NEW YORK — Even for Warren Buffett, this is a big deal.
Buffett’s Berkshire Hathaway said Monday it agreed to spend $37.2 billion for Precision Castparts — the most it has ever paid for a company.
Precision Castparts makes makes parts for aircraft makers, power companies and other industrial companies. Among its notable customers are General Electric, Boeing and Airbus.
“I’ve admired [Precision Castparts’] operation for a long time. For good reasons, it is the supplier of choice for the world’s aerospace industry, one of the largest sources of American exports,” Buffett said in a statement.
Berkshire already held a 3% stake in the company, valued at more than $880 million. The $37 billion price tag includes assumption of Precision Castparts’ debt. Berkshire’s $235 a share price represents a 21% premium over its Friday closing price.
But shares of Precision had been down nearly 20% for the year, making it attractive to a value investor such as Buffett.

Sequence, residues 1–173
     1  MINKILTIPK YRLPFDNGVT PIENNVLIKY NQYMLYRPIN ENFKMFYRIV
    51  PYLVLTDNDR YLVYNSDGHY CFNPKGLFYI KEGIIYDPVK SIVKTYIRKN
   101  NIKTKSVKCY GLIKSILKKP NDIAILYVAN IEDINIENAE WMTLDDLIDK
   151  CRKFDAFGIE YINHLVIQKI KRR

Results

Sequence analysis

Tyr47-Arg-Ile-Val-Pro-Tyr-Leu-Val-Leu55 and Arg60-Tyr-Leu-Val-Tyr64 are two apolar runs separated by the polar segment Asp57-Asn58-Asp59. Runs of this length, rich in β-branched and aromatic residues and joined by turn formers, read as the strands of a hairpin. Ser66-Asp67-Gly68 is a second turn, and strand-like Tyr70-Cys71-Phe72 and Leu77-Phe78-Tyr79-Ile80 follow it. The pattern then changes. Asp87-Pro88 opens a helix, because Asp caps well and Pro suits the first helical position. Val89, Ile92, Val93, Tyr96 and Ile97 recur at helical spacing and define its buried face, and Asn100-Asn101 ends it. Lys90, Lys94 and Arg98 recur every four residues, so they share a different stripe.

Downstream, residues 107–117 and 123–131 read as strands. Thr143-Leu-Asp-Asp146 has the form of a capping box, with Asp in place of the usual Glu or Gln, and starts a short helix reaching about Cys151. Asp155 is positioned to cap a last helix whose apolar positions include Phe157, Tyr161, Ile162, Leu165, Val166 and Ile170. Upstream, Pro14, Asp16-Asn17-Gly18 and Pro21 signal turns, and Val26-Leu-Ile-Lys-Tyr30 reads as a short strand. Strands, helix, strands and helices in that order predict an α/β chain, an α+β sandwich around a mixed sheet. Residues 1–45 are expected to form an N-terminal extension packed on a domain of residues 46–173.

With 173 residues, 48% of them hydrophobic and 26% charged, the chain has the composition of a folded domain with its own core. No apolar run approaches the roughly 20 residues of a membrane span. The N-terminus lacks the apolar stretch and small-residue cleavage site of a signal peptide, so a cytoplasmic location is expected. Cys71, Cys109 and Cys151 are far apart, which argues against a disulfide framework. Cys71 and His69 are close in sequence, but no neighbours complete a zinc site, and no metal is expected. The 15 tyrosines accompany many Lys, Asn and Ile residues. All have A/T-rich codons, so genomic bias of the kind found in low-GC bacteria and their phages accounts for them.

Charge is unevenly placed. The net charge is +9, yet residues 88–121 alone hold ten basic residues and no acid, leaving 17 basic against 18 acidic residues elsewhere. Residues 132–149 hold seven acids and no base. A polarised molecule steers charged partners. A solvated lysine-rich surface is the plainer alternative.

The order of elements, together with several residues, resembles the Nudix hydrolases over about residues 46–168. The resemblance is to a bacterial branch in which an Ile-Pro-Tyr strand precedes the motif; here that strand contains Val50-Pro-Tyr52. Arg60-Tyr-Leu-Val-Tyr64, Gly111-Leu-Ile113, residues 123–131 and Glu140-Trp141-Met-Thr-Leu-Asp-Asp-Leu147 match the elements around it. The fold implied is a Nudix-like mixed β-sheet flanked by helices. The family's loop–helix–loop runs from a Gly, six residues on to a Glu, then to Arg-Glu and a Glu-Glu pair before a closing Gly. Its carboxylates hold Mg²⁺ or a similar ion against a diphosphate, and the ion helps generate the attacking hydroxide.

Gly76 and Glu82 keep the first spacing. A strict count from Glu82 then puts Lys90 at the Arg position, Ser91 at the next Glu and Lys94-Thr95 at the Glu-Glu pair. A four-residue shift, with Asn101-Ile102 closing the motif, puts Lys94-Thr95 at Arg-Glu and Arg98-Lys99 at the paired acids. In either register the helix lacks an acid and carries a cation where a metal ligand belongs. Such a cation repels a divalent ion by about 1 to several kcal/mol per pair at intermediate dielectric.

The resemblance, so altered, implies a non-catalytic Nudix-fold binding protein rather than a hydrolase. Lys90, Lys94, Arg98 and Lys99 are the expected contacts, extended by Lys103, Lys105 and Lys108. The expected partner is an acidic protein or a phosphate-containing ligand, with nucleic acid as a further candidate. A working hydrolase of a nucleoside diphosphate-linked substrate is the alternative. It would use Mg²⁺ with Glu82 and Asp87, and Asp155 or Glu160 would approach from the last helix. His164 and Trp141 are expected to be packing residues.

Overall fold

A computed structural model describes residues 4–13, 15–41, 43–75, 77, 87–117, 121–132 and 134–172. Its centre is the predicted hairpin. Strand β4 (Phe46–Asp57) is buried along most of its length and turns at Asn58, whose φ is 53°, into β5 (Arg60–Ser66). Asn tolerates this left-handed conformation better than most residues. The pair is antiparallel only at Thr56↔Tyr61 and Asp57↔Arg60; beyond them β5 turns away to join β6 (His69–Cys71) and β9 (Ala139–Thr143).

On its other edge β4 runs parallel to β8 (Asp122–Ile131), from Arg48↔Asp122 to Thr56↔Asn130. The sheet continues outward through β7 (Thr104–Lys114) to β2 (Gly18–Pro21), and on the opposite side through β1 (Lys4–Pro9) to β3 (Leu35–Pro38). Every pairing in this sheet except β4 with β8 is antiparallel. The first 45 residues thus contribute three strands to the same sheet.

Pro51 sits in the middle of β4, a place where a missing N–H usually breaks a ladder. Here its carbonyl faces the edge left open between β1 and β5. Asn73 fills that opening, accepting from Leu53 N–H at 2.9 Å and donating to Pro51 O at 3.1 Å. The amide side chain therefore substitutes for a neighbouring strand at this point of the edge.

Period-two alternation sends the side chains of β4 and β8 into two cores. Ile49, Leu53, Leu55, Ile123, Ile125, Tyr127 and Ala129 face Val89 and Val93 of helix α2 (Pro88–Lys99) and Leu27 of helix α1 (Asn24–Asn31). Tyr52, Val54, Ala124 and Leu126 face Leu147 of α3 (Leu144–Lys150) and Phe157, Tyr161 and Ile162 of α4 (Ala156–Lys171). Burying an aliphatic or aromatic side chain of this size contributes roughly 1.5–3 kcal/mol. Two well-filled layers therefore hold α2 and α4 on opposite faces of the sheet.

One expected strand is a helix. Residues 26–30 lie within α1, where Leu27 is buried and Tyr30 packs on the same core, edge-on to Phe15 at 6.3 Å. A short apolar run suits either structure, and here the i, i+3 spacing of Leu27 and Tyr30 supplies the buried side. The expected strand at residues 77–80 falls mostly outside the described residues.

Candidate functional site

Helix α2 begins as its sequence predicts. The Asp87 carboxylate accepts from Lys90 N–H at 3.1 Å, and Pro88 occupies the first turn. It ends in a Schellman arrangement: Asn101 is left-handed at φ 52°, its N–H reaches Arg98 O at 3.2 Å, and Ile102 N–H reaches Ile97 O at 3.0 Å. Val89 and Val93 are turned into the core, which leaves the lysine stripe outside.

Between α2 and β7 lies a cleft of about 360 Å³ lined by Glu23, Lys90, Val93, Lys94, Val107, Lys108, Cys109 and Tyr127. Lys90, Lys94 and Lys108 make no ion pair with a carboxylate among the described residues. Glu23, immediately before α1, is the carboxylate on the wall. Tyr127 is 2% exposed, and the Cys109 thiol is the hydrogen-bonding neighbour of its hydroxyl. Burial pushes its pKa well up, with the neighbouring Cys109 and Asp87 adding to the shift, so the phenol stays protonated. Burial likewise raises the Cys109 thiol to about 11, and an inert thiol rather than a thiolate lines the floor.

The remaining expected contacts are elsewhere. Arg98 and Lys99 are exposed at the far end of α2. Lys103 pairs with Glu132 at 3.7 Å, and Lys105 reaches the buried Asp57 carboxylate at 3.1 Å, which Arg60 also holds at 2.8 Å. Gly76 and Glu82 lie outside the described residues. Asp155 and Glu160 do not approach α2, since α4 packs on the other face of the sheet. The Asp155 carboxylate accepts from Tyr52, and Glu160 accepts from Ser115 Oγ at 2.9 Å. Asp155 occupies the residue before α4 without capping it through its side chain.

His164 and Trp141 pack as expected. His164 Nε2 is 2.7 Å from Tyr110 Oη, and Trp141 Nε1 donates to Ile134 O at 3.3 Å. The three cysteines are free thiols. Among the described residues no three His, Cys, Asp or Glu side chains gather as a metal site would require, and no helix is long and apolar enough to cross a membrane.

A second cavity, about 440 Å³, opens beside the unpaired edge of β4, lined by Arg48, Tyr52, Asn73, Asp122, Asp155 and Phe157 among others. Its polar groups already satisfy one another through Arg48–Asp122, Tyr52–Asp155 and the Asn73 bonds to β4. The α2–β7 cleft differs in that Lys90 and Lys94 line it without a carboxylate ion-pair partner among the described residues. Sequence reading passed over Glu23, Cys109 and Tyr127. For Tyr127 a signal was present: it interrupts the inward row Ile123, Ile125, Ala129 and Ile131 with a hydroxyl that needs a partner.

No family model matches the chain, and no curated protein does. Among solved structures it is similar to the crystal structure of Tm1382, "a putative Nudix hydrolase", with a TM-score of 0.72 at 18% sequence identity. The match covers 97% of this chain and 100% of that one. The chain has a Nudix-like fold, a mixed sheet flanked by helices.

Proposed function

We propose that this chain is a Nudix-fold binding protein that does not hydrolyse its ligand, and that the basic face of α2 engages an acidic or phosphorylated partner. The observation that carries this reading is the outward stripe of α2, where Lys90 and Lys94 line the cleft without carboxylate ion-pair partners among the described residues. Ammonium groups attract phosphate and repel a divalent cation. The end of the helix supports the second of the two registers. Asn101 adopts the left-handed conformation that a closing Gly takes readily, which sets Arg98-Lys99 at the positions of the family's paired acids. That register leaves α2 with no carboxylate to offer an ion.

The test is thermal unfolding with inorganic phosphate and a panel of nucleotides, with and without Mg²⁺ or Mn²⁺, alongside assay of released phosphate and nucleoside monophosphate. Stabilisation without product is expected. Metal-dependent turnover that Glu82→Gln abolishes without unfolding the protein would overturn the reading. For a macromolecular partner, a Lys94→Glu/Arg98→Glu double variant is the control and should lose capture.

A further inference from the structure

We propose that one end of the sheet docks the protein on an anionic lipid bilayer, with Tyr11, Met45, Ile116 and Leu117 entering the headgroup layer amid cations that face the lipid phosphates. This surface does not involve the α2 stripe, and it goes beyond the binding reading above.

The potential deal was first reported over the weekend by the Wall Street Journal.
Shares of Precision Castparts soared 19% in premarket trading on the news Monday.
Buffett has not been shy about making big acquisitions in recent years.
“Berkshire is now a sprawling conglomerate, constantly trying to sprawl further,” Buffett wrote in a February letter to shareholders.
In 2009, Berkshire agreed to pay $26 billion for the portion of Burlington Northern — now called BNSF Railway — it didn’t already own.
In 2013, it teamed up with hedge fund 3G Capital to acquire H.J. Heinz. This year, Heinz merged with Kraft to form Kraft Heinz. Berkshire’s stake in the combined company is worth nearly $26 billion.
The acquisition would add to the list of brands Berkshire already owns and operates, including Fruit of the Loom, Dairy Queen and Geico.
Berkshire Hathaway also invests in well-known names like Wells Fargo, Coca-Cola and IBM.